Every year during the World Ag Expo in Tulare, Calif. there are those from other states trying to woo California farmers away.
I wouldn’t think it a difficult job for the consortiums selling their states under the banner “come to our state, we’re great.”
Okay, so it’s not that cheesy.
Earlier this year I visited with several of the states represented at the World Ag Expo and chatted with folks billing their states as the next great place to do business.
Years ago, I toured parts of Texas for a few stories along the same lines. Texas is one of several states regularly at the Farm Show touting their business-friendly climate.
A story out of Ohio points to a desire within the Buckeye State to woo vegetable operations to Ohio to build large indoor farming operations.
They’d have to be indoors given Ohio’s climate, but that’s not an issue for some. I visited a large indoor operation earlier this year on California’s Central Coast that grows fresh-market vegetables that are packed in clamshells and sold globally.
The article points to California’s drought and claims that the state lost 1.2 million acres of food production due to the drought as just one selling point Ohio has.
It’s not difficult to find examples of why California is not a good place to farm and do business. Sacramento is pretty much a poster child for all that is wrong with government.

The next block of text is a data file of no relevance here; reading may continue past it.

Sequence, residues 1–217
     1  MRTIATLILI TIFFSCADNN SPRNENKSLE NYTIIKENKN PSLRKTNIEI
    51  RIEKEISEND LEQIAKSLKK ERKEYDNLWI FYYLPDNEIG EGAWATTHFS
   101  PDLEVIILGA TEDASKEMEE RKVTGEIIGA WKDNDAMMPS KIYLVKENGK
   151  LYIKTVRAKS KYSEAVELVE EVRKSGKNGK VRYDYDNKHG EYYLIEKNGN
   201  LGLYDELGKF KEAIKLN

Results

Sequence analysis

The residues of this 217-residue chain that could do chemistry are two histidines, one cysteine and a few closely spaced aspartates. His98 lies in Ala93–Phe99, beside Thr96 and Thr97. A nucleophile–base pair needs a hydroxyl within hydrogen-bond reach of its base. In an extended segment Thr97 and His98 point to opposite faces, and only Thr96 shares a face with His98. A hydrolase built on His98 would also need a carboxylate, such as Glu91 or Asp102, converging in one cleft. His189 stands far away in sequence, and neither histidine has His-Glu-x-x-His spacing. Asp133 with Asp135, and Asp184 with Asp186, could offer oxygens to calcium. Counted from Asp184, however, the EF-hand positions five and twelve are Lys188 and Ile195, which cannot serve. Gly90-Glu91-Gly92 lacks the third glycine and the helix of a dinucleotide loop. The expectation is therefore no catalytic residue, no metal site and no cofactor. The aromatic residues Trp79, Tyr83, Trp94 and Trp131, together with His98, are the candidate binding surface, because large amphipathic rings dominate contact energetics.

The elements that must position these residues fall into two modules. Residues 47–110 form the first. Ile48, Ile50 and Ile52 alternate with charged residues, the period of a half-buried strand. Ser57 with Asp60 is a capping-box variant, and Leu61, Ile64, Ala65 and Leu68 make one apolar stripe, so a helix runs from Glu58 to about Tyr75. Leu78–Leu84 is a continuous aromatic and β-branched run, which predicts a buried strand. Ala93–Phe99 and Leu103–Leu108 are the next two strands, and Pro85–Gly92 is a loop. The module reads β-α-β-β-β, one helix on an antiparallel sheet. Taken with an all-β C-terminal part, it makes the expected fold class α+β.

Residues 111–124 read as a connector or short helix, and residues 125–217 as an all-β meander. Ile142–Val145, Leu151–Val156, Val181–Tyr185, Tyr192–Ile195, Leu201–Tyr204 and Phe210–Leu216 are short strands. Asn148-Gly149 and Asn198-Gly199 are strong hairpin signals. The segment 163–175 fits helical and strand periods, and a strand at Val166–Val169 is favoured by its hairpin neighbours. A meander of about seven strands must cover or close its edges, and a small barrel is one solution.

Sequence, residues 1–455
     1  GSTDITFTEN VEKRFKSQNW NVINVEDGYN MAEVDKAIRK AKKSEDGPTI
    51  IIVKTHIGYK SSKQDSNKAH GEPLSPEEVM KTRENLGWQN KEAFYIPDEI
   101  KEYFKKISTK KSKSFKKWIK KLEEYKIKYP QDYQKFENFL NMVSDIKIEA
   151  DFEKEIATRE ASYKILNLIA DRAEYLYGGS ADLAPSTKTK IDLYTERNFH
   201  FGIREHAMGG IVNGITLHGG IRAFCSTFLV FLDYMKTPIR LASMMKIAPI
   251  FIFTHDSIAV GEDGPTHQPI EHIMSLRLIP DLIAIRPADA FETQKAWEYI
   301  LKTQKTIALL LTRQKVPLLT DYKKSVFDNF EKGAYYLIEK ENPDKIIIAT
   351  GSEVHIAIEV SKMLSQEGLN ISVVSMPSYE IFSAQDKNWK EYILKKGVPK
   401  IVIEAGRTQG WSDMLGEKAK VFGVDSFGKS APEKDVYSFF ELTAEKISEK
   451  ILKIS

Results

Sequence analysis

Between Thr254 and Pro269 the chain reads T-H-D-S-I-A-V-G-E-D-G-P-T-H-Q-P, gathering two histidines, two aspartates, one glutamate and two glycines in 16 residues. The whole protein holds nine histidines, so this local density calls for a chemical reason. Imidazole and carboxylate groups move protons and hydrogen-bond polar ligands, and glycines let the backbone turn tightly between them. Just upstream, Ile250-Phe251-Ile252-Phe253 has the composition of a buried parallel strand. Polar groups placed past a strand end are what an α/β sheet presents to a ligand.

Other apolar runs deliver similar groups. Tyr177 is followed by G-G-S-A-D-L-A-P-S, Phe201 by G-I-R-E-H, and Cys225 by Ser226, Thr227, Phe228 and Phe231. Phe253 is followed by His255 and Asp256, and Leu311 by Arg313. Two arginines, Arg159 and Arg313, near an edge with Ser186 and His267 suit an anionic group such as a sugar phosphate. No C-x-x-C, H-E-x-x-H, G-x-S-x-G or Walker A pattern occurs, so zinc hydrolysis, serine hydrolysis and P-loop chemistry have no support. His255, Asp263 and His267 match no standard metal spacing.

Onerous regulations, high energy costs, the lack of sustainable water because of the abject refusal by state and federal lawmakers to address the state’s broken water infrastructure and a host of anti-business policies, make promoting other states an easy job for those involved.
Maybe Ohio would be a good state for companies to consider if they’re inclined to build large greenhouse structures that could grow vegetables for Midwest and East Coast markets. It would sure put them closer to those markets, thereby reducing shipping costs and providing fresher vegetables for local stores.
While greenhouse operations have their definite advantages – it doesn’t really matter what the weather is doing outside – there are other issues related to capital costs that could be prohibitive, particularly in California’s regulatory environment.
Perhaps indoor farming is something for California agriculture to consider. Not every crop could be grown indoors, but for those vegetables and other crops that could, there may be benefits to this that not only include agronomic aspects, but issues of labor.
Word has it that the large greenhouse operation I visited competes with the local strawberry fields for laborers, and thus has become competitive in terms of salary and benefits to the workers.
What if the vegetables we consume could be grown in climate-controlled greenhouse operations where disease issues could be better controlled and the hand labor needed to harvest these crops could be made more efficient?